Abstract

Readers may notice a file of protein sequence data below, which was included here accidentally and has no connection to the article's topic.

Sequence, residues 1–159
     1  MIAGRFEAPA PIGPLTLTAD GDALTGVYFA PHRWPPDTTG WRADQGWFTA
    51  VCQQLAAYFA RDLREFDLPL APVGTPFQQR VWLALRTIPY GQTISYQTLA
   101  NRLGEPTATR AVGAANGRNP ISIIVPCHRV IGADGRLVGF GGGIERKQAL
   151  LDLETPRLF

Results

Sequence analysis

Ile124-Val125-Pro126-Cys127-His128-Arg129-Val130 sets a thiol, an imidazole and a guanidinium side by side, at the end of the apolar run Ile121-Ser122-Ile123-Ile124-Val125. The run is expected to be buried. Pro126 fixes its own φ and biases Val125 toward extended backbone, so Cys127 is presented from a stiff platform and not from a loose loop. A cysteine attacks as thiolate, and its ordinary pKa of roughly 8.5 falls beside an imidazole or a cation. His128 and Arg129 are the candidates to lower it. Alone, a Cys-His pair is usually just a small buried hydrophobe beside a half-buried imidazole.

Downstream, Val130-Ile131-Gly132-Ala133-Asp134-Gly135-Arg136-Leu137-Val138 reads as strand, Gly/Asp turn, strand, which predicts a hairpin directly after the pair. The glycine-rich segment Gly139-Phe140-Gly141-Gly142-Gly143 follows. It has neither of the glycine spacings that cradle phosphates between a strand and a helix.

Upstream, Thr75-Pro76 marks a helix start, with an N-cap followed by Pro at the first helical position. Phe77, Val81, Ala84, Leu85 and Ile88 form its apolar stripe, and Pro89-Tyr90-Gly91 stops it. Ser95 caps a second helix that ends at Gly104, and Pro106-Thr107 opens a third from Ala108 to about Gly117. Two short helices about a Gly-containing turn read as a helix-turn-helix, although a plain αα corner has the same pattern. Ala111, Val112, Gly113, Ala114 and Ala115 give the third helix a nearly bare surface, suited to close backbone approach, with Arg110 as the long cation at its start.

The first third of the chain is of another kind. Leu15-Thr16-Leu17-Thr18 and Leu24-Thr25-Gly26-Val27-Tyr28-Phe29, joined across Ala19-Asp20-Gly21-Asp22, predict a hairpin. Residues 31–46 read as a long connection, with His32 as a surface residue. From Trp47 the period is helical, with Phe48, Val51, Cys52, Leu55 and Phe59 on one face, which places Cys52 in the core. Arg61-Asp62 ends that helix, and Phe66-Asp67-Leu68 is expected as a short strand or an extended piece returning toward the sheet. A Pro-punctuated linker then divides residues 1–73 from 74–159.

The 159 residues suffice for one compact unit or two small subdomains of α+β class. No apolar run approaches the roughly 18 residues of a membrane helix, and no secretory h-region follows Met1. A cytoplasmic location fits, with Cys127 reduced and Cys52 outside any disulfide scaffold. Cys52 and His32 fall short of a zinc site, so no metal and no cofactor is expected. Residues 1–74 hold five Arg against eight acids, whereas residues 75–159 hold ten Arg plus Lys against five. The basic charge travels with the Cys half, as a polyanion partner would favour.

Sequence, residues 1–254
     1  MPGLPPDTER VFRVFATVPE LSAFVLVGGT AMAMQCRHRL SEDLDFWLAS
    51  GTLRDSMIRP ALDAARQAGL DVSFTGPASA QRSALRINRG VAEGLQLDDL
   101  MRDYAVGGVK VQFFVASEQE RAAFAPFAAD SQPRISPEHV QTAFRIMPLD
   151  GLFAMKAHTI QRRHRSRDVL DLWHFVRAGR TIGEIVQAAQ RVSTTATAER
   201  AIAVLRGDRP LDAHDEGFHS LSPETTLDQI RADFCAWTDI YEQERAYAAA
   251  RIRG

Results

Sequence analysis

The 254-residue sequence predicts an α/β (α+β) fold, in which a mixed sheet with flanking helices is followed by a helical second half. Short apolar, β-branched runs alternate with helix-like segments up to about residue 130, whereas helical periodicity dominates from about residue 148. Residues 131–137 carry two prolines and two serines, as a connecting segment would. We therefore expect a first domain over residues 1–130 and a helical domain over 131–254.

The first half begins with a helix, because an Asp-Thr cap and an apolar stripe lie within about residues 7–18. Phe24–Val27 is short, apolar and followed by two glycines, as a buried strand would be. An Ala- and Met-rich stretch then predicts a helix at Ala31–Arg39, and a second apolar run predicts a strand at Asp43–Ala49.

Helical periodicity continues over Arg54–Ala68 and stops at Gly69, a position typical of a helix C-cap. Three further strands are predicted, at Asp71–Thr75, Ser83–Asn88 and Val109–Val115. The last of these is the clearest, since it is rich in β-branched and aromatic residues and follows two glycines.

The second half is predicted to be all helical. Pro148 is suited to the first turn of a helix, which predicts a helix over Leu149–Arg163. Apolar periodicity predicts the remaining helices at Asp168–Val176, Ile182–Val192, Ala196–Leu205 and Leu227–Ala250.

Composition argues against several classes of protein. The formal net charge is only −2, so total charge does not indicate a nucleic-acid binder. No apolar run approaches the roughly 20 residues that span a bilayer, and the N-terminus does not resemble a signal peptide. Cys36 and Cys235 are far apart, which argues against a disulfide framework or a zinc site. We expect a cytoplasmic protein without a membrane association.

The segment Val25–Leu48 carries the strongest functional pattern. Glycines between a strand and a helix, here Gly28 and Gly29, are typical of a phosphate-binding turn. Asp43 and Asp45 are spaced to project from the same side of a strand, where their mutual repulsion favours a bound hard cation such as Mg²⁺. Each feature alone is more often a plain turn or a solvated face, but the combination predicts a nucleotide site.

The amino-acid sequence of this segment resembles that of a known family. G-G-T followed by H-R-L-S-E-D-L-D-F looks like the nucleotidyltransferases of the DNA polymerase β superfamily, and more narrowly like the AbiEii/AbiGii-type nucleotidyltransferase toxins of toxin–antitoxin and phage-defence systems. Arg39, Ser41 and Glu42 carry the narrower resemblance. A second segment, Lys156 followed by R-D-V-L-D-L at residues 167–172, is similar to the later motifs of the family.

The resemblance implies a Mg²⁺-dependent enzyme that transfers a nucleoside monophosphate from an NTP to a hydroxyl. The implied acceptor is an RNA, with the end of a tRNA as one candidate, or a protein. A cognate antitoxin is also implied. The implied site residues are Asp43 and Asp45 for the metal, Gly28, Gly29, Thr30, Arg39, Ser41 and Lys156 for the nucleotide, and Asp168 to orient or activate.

Mastectomy skin flap necrosis is a significant problem in the autologous breast reconstruction. The necrosis may create unsightly scarring, produce contour irregularities, and deform the breast mound. This may lead to a poor reconstruction and patient satisfaction. Most importantly, the development and treatment of mastectomy skin flap necrosis can delay further oncologic treatment.We performed a retrospective chart review of all patients undergoing autologous breast reconstruction in the past 5 years to examine our incidence and treatment of mastectomy skin flap necrosis. We then used these data to create a management algorithm for mastectomy skin flap necrosis. The goals of this algorithm were as follows: (1) to not delay further oncologic treatment, (2) to expedite the healing time while minimizing patient risk, and (3) to create an aesthetically pleasing breast reconstruction.A retrospective chart review from 2008 to 2013 was performed of all autologous breast reconstruction at our institution. We then analyzed our data and patient outcomes and developed a treatment algorithm.We identified 204 patients who underwent autologous free flap breast reconstruction that was performed by the senior author (G.K.L.). Our incidence of mastectomy skin necrosis was 30%. There was no delay in adjuvant oncologic treatment for any of our patients. The development of mastectomy skin necrosis was significant for patients with diabetes (P=0.03), current tobacco use (P=0.04), and body mass index (P=0.01). The time for wound healing was prolonged in patients with a high body mass index (P=0.04). Regression analysis of wound size showed full-thickness wounds greater than 6 cm benefited from operative closure.Our incidence of mastectomy skin necrosis was 30%. Despite our high incidence mastectomy skin necrosis, we had no delays in adjuvant oncologic treatment. Retrospective data analysis allowed us to then develop a management algorithm for mastectomy skin necrosis. We feel it is advantageous to the patient and the reconstructive outcome to heal the breast wounds in the acute phase (within 3 weeks); and with regression analysis, we found full-thickness wounds greater than 6 cm benefit from operative intervention. Finally, patients requiring adjuvant oncologic treatment should be healed as quickly as possible so they may continue on with their oncologic care.